13th Conference on Applied Climatology and the 10th Conference on Aviation, Range, and Aerospace Meteorology

Wednesday, 15 May 2002: 2:00 PM
Regional climate change, its possible influences on the Northwest's water resources, and some early policy responses
Philip W. Mote, University of Washington, Seattle, WA; and A. F. Hamlet, D. P. Lettenmaier, and E. L. Miles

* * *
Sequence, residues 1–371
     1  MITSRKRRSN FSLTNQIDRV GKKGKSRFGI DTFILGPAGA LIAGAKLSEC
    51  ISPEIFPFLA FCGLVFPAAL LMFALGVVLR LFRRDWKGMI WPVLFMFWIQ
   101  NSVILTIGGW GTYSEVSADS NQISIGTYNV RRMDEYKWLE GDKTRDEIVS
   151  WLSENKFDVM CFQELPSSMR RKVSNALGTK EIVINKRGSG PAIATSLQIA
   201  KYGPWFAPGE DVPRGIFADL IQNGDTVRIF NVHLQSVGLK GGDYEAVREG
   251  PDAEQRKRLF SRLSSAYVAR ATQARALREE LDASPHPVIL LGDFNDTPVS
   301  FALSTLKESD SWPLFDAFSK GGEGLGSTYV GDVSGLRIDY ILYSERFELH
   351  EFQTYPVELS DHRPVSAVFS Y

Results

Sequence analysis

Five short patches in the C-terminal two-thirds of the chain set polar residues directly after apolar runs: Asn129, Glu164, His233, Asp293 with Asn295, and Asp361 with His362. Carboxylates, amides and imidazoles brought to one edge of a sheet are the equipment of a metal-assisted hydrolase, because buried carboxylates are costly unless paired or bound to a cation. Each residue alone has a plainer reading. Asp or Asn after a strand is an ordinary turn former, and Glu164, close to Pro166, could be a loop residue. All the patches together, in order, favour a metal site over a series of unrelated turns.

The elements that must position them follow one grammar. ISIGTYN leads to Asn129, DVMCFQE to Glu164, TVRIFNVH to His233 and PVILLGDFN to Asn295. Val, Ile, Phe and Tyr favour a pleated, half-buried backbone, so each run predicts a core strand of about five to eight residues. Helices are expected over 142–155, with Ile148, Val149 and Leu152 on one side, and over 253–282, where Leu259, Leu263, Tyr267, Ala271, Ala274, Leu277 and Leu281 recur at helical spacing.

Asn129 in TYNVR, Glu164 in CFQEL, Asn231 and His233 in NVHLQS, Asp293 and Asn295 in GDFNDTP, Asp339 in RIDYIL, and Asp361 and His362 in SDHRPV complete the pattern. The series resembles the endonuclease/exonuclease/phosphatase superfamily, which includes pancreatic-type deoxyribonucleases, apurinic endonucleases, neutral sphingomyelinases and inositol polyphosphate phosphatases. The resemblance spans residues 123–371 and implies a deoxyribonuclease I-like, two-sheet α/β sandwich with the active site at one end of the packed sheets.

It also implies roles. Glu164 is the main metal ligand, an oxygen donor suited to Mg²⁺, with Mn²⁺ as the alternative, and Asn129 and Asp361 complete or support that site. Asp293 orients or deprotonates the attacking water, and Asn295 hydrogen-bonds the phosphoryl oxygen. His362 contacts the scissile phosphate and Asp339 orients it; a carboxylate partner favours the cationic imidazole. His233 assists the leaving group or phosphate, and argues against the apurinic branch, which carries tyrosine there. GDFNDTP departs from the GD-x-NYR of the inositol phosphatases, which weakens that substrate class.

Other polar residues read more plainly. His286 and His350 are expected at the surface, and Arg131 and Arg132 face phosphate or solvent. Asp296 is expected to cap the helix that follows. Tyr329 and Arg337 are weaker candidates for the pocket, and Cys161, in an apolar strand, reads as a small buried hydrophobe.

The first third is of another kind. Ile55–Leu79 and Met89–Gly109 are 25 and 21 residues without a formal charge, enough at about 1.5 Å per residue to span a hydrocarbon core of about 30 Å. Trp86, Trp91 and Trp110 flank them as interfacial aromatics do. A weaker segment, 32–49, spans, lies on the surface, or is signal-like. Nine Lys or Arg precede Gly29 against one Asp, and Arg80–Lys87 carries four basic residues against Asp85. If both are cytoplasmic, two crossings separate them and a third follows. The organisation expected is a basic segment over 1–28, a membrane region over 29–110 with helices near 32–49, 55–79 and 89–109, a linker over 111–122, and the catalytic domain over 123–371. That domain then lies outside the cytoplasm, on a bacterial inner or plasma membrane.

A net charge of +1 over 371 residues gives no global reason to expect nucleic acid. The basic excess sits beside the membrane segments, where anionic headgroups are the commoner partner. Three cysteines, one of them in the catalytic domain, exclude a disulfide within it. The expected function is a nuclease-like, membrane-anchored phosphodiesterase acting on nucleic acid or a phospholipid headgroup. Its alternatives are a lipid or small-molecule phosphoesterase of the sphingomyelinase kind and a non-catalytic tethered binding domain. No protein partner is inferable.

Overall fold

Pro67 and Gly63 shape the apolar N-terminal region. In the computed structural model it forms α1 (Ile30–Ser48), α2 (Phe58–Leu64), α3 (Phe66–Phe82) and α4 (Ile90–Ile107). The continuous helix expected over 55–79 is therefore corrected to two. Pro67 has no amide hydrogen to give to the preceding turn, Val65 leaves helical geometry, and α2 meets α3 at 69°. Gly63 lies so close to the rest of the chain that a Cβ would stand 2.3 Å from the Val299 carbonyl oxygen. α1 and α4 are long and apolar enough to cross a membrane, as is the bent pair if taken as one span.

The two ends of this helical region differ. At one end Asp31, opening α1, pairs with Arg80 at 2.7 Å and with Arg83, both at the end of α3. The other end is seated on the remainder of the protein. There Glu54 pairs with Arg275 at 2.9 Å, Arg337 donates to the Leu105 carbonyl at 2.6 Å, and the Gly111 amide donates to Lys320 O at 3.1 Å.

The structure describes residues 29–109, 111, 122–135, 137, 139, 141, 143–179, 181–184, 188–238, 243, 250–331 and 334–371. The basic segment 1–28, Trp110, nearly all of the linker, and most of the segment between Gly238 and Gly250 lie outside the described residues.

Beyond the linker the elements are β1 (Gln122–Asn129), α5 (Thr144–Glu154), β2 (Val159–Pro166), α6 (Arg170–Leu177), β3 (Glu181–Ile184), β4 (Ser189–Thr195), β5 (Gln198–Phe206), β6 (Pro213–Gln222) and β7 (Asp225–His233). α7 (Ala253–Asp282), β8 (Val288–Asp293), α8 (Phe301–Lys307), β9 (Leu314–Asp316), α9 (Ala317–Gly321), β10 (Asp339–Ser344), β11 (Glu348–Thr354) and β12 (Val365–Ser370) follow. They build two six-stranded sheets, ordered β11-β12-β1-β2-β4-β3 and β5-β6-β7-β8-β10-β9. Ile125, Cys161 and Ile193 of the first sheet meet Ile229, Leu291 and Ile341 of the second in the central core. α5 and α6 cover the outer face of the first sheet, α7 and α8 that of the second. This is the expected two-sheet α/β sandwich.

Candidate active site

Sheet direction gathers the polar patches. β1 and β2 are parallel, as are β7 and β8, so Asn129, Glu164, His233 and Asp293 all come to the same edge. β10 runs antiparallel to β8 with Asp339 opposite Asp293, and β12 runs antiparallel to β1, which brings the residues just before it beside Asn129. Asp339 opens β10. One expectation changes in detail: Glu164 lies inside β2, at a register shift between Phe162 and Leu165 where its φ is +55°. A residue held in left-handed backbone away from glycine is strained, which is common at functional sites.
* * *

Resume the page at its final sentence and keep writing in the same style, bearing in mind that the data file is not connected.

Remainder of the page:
Simulations of climate by global climate models provide one basis for examining possible future climate change in a region. Despite the coarseness of the global models' resolution, important aspects of regionally averaged climate are well simulated, including temperature, the sharp seasonality of the region's precipitation, and the observed 20th century warming of 1.5F. We use output from several climate models to drive the VIC macro-scale hydrology model, which has been implemented over the Columbia River Basin at 1/8 degree horizontal resolution. The range of climate scenarios from the climate models provides a range of possible future streamflows for selected decades, underscoring and quantifying the risk that a warmer climate poses to the region's snowpack and summer water supply. A reservoir operations model (ColSim), can be used with VIC output to quantify the impacts of climate change on the reliability of a wide range of system objectives, and shows that even with fairly dramatic climate changes, one or two top-priority objectives can be protected, but at significant cost to other objectives. The UW Climate Impacts Group has encouraged water resource managers and policymakers to consider climate change in long-term plans, and has had some early successes.

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